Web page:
ISSA urges quicker response from schoolboy football referees
A lightning bolt is a million times more powerful than household current, carrying up to 100 million volts of electricity.

ISSA President Keith Wellington is urging match officials in this year's schoolboy competitions to act swiftly once there is the threat of rain in their surroundings.

Wellington made his comments in the wake of an incident on September 19 where three players from Dinthill Technical and a match official were struck by lightning during an ISSA/WATA daCosta Cup game in Linstead, St Catherine. The match was being played against Charlemont High at Charlemont High School in Linstead.

Wellington told the Jamaica Observer that ISSA has not established any new protocols and it is now up to match officials to make their own judgement on these conditions once there is threat of rain in their area.

"Prior to the start of the season, we have indicated to the referees that there should be no exposure to players and match officials to any risk regarding lightning and therefore, whatever indications there are as it relates to lightning, it should result in the postponement of games," Wellington said.

WELLINGTON…we want to remind the referees that they need to be fully aware of the match conditions on the day and make decisions that are in the best interest of the safety of everyone concern

"We want to remind the referees that they need to be fully aware of the match conditions on the day and make decisions that are in the best interest of the safety of everyone concern."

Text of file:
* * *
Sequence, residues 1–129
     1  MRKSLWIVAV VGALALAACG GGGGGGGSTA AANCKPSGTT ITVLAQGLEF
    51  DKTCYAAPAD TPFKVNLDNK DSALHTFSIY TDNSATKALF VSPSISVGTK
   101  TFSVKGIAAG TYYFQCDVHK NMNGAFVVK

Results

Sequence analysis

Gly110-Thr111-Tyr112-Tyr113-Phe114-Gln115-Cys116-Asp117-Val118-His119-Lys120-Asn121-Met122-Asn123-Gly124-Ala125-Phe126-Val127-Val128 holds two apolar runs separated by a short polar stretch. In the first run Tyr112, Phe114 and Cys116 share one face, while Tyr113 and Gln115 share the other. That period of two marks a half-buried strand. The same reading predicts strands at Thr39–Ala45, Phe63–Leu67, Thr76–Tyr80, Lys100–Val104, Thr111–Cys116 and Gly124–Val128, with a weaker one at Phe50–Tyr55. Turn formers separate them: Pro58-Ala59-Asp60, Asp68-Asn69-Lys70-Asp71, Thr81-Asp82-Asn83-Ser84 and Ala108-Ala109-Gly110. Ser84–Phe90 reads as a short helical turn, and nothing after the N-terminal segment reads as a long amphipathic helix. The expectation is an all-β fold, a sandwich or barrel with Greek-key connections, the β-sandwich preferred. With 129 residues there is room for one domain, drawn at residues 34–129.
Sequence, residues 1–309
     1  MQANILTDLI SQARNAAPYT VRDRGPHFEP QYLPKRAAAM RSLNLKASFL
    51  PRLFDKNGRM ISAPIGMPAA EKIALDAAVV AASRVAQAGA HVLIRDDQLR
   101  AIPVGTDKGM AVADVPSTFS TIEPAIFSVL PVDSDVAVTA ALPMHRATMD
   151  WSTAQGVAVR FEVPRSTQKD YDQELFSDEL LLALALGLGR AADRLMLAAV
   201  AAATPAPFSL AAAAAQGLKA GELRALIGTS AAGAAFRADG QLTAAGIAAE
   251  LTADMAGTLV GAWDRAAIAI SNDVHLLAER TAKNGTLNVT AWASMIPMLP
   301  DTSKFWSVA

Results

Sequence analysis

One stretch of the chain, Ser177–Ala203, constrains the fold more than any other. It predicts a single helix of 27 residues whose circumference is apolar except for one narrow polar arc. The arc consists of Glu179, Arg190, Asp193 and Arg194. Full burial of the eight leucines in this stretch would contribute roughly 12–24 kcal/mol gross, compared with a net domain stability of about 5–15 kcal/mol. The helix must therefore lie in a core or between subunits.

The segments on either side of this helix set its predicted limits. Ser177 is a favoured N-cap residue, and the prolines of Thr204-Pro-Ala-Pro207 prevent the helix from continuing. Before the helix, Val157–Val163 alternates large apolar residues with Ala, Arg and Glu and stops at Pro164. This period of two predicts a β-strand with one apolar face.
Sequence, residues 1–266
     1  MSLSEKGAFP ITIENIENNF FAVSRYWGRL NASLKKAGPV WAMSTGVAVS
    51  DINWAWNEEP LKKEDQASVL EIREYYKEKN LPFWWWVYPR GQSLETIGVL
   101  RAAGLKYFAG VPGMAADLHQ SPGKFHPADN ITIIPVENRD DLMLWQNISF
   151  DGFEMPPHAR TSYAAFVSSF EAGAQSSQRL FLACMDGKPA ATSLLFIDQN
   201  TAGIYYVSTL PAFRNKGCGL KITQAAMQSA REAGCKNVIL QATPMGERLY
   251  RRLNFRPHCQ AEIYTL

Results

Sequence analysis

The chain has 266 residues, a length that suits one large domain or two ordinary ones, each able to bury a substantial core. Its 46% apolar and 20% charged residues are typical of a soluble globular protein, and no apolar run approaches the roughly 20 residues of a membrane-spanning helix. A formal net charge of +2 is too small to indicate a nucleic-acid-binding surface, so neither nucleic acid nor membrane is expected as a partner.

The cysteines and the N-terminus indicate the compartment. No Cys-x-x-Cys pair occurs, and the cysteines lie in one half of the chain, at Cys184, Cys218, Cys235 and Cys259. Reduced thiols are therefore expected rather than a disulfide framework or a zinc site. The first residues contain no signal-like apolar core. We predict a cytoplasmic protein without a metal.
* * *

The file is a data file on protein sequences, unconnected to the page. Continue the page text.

Wellington, who is the principal of St Elizabeth Technical High School (STETHS), says ISSA is saddened by the incident and is happy that all victims are now at home recuperating.

"Obviously, it was an unfortunate incident and I don't think that I would necessarily want to blame anyone for what took place based on the circumstances that we have been made aware of," he said.

"I think for us, what we would probably want to see is a greater use of the technology by the various national associations for weather.

"I know for fact there were two MLS [Major League Soccer] games where we had to sit around and watch for two hours before the game started because there were some notifications that lightning was in the area or lightning was in the area around the stadium in particular, as a result of that the game was delayed. We don't have that sort of technology readily available to us, but we would love to see it become available sometime in the future."

Wellington indicated that lightning rods could be used as a preventative measure at some of these venues.

"Lightning rods are not too expensive, but they are not a hundred per cent guarantee that they are going to stop lightning," he said. "But even with lightning rods, you still want to take other precautionary measures.

"Lightning rods are very good and you want them to install not just for football but for security of properties. For example, at STETHS we have a number of lightning rods around the campus because we are in a lightning zone and that is to essential protecting life and property."

ROBERT BAILEY Staff reporter

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